Soil Health Heroes

Justin and Javen Fann

Leaving Cover Crops Growing Later in Spring is Key to Quicker Soil Changes

IMG 2142newOur 25th Profiles of Soil Health Heroes are Justin and Javen Fann. The Fann Brothers farm in Warren and Cannon Counties, Tennessee. They are third generation farmers. Their soils are mostly Dixson soils and lays gently on approximately 0-4% slopes. I visited the farm with the brothers, Javen's son, J. Daxton Fann, Trent Hancock, an employee, and Matt Feno, District Conservationist, NRCS, McMinnville, Tennessee.IMG 2121new

As I am writing this article, Tennessee is suffering a drought in most locations of Tennessee. As Matt and I drove up to the farm, I saw green fields of cover crops growing exceptionally. I was pleasantly surprised. Their cover crops growing so well is a testimony to their following soil health principles. They left last year's covers undisturbed (no tillage), the soil is continuously covered, and they planted a cover crop for continuous growing plants with continuous growing roots after cash crop harvest. The cover crop is acting as a solar panel and is intercepting sun light energy and converting sun light to carbon in the green plants. Carbon is then increased in the soil from the biomass and roots. The diversity in the covers and crop rotations are up taking nutrients at different times, and the diversity above ground is improving the environment for soil biology and the soil is improving very quickly.

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Corby Brown

No-till Tobacco with Cover Crops improve Soil Health and Increase Farmer's Profits


IMG 0219NewTobacco is not normally thought of as a crop that improves soil health. By the time George Washington returned to Mount Vernon in the 1780s, tobacco was a predominant cash crop in the colonies and had been since 1611.  Like his father before him, Washington grew tobacco. He noticed the land had lost its fertility. George Washinton replaced tobacco with wheat and began a crop rotation system to bring life back into the soil. Many years after, we are still trying crop rotations that will improve our soil health. Traditionally, tobacco is plowed and followed by at least two other secondary tillage methods to smooth the field prior to transplanting. Even though tobacco is normally rotated, a typical tobacco field can suffer from soil erosion during the years in tobacco. When you examine a traditionally plowed tobacco field, one normally does not see many soil health indicators improving.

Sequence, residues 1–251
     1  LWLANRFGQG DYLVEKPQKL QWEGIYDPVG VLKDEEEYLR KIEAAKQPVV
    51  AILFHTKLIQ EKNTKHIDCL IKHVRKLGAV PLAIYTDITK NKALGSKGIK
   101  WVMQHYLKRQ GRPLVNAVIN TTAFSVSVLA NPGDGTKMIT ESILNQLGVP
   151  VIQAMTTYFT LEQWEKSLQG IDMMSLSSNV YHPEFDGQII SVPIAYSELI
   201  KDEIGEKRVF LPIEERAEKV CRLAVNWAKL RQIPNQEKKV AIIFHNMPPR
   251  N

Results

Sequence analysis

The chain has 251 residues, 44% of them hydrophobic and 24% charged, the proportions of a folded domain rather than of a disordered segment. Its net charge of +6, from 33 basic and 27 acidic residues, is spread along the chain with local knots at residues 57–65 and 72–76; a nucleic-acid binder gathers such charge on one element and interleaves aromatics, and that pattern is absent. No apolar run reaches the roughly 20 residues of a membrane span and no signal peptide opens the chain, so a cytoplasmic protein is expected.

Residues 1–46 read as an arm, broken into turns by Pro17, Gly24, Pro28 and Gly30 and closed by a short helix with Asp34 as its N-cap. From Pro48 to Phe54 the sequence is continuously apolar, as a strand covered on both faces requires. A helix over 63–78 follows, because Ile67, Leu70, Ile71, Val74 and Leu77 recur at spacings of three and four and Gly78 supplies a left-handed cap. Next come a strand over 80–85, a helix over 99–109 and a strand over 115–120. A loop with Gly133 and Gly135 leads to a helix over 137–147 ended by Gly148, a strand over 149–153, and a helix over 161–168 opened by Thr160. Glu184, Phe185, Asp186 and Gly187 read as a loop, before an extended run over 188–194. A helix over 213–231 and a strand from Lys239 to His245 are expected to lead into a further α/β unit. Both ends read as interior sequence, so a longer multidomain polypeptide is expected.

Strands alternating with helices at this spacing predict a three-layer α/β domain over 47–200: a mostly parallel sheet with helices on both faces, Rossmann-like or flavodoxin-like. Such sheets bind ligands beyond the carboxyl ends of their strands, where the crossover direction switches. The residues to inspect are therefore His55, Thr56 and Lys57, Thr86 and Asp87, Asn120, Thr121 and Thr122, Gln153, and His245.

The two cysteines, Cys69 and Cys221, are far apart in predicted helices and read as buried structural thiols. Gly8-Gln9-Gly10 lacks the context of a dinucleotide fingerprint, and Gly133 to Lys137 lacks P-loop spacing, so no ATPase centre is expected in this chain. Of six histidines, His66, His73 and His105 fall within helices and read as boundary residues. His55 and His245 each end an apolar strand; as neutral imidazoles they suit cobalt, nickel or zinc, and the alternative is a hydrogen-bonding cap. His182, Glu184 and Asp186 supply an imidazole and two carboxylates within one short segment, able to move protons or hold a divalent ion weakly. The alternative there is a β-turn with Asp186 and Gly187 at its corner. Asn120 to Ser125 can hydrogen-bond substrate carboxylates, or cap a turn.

That what makes this Profile of Soil Health Hero unique. Corby Brown grows no-till tobacco and is improving soil health. Corby is our 24th Profile of Soil Health Hero. He farms in Macon IMG 2060newand Clay Counties, Tennessee, as well in Monroe, Barren, and Metcalf Counties, Kentucky. Corby grows personally approximately 250 acres of Burly tobacco. He works with his son, Christopher, and nephew, Elliot. Their combined acres total approximately 1,000 acres of Burly tobacco. There are also others in his family involved. Corby is the specialist for setting tobacco where Christopher focuses on fertility, and Elliot on weed management. They all have their personal farms but work together as far as advising and assisting one another. Corby also grows corn, soybeans, and some cereal rye. He also grows some sweet potatoes. His tobacco is planted in 40" rows. Corn and soybeans are planted on 20" rows. He annually soil tests. He maintains a pH of approximately 6.2 or greater. His yields in the last three years have been approximately 70 bushels of soybeans, 210 bushels of corn per acre, and 1600 - 2100 pounds of tobacco per acre.

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Ricky Essary

Cover Crops Provide Diversity and Residue to Improve Soil Health


IMG 1937newRicky Essary is the 22nd in our series of Profiles of Soil Health Heroes in Tennessee. Ricky farms with his son and son-in-law. The partnership is called Essary and Cherry Farms. Ricky is the chairman of the Hardin County Soil Conservation District. He resides in Milledgeville, Tennessee. Milledeville is unique in that it sits in three counties, McNairy, Chester, and Hardin. Ricky said that he farms in four counties, the three previously mentioned ones with the addition of Henderson County. He said that he farms the four counties all within 4 miles of his home.